Few honey holes in Mississippi raise the eyebrows of bass fishermen at a mere mentioning of its name. Davis Lake, a 200-acre impoundment in Northeast Mississippi, is one of them.

Dug into fertile ground in the Tombigbee National Forest, Davis Lake is luring anglers to its waters with realistic dreams of a new state record, and maybe even a 20-pounder.

No kidding.

In January of 2013, it produced a 17.34-pound largemouth, not bad for a lake that was built eight decades ago as the United States was working its way out of one of its darkest periods.

The year was 1937. The Great Depression was lingering like a bad dream and a few workers labored at a Works Progress Administration — later named Works Projects Administration, and known as WPA — just a few miles east of what now is Old Houlka. 

Davis Lake was built to create jobs as part of Franklin Roosevelt’s New Deal plan to rally America. It was one of many projects built for recreation — fishing, swimming, picnicking, and relaxing. 

The impact is still being felt, and its popularity has spread from a local base to statewide appeal.

Managed by the U.S. Forest Service, with help from the Mississippi Department of Wildlife, Fisheries and Parks, Davis Lake was drained and underwent a big renovation and restocking in 1999. 

That’s when Davis Lake took off.

Florida-strain largemouth bass were introduced, and bream and catfish were stocked. Then biologists added gizzard shad and the new bass just loved them.

“Double-digit bass are being caught on a regular basis,” said Rick Dillard, a Fisheries Biologist for the United States Forest Service. “During my annual sampling trips to the lake, using a shock boat, bass over 10 pounds are caught quite often.”

Dillard also said the samplings reveal shad in the 8 to10-inch range, and just about every bass autopsied has at least one of these shad in its stomach. The lake also is over-populated with stunted crappie, providing another food source for bass.

As a result Davis Lake bass are healthy and fat, bordering on obese.

While some anglers applaud the fact the bass are large, others see the bass as never being hungry and difficult to catch.

It’s no secret that mature and big Florida bass are picky eaters when it comes to artificial baits.

Yet, true trophy bass chasers don’t mind. A few die-hards, like Jeff Foster of Tupleo, who caught the 17.34 two years ago, go to Davis Lake to fish all day hoping for one bite, knowing there’s a good chance it could be a monster.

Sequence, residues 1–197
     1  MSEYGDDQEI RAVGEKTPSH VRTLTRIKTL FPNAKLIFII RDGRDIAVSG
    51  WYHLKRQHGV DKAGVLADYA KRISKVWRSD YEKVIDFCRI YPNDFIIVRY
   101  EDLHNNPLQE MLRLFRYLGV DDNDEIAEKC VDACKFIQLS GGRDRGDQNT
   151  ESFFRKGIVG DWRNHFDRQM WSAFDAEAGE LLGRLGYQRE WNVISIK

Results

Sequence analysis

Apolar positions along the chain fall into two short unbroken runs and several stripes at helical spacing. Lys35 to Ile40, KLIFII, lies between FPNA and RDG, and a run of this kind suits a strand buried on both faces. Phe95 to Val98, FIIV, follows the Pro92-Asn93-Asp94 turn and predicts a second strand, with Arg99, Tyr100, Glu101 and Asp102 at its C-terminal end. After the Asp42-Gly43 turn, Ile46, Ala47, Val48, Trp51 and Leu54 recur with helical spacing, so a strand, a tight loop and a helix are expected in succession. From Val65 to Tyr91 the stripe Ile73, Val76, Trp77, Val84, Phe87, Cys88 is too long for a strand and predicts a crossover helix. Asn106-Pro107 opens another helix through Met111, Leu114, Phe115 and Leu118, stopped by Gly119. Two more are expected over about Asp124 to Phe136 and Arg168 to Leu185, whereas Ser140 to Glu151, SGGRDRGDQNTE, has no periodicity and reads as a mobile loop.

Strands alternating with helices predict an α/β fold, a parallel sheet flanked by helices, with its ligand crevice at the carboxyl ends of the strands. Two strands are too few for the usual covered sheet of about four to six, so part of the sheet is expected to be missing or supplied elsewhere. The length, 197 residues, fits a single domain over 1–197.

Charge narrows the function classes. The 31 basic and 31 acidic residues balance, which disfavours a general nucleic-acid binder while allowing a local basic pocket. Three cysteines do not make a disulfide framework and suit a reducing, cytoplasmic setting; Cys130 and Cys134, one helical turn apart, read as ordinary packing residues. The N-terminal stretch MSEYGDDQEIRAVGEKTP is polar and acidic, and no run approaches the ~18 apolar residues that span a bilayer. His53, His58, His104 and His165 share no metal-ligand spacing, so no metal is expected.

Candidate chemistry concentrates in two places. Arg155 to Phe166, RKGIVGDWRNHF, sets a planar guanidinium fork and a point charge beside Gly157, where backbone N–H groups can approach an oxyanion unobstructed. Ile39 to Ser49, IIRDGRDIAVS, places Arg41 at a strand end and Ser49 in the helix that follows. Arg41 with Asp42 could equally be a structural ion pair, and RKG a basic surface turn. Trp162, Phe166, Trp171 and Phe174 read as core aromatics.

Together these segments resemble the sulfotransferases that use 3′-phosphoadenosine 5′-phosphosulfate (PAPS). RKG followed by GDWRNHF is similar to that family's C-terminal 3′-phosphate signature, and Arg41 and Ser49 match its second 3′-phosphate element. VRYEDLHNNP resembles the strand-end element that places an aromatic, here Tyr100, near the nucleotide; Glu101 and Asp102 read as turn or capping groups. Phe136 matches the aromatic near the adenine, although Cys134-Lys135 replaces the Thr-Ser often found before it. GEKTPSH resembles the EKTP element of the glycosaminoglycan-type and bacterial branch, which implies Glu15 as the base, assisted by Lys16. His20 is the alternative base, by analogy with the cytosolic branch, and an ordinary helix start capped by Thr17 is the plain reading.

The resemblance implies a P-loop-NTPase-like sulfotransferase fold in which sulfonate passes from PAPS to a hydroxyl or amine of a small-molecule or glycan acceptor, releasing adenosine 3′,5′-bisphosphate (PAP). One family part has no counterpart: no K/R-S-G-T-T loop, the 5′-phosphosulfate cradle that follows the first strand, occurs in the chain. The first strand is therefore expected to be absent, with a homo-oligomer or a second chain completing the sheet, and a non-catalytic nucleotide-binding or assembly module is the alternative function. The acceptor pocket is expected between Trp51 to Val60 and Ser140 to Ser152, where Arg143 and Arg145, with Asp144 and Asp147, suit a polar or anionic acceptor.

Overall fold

For others, who want to insure a more fruitful day, they wait for the spawn.

It has always been a popular time for anglers to cast to the egg-bearing females in the shallows of any lake where Florida’s swim. Davis Lake is no different, and its clear waters are ideal for sight fishing. 

In that tactic, anglers with high-quality polarized sunglasses use stealth to ease boats through the shallows peering into the waters for signs for bedding bass.

“The peak of the spawn on Davis is around the first week of April,” Dillard said. “But if you’re expecting the big fish to be your April fool, you will be a few weeks late. Big bass spawn first. With a few warm days they may spawn as early as late January into February into March, so the peak will come after these giants have already moved back to deeper water. 

“This is not to say an angler won’t catch a good mess of fish, it’s just that the really trophy bass have done their spawning when the peak occurs.”

Dillard said a good number of gravel beds were placed in the lake during the millennial renovation, with most of them being on the northern shoreline. The best spawning sites are those that are on a level bottom. Evidence has shown bass do not like a sloping bedding site. For that reason, multiple bass will use a favored bedding location. Once an angler finds a good area, it should be a good area for years to come.

There’s an art to fishing for bedding bass, since the fish are so involved in procreation that they have little interested in feeding. Instead, fishermen have to play to the bass’ protective role.

Basically, they cast lures hoping to raise the fish’s ire. A bedding bass will not bite out of hunger, but rather because it is annoyed that something is there to feed on its eggs. More often than not, the fish will inhale the lure, turn away from the nest, and expel it. This it does with amazing speed, and the angler must be ready to set the hook in a millisecond.

Sight fishing requires patience, and usually dozens of casts into the bed. The smaller male bass is the most aggressive and usually must be caught and removed before the bigger, fatter female will assume the role as protector of the bed.

Even if you plan to release the male, it’s a good idea to keep it safe in the livewell while working on the female. If not, the male will return to the nest and be the guard against predators.

So what eats bass eggs?

It would make sense that baits mimicking those creatures would be just the ticket to catching a big brooding female. For that answer, let’s look down the food chain. Eels, crayfish, bream, salamanders, and shad are among the predators playing havoc on bass eggs.